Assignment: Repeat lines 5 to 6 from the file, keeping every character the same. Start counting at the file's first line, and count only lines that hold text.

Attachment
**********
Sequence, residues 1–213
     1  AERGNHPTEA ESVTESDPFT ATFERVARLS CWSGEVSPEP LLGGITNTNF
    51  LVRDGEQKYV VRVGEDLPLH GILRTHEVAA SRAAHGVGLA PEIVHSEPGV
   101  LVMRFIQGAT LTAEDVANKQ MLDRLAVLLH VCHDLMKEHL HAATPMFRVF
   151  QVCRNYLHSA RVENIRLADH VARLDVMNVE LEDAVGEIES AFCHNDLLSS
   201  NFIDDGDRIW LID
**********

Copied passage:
   151  QVCRNYLHSA RVENIRLADH VARLDVMNVE LEDAVGEIES AFCHNDLLSS
   201  NFIDDGDRIW LID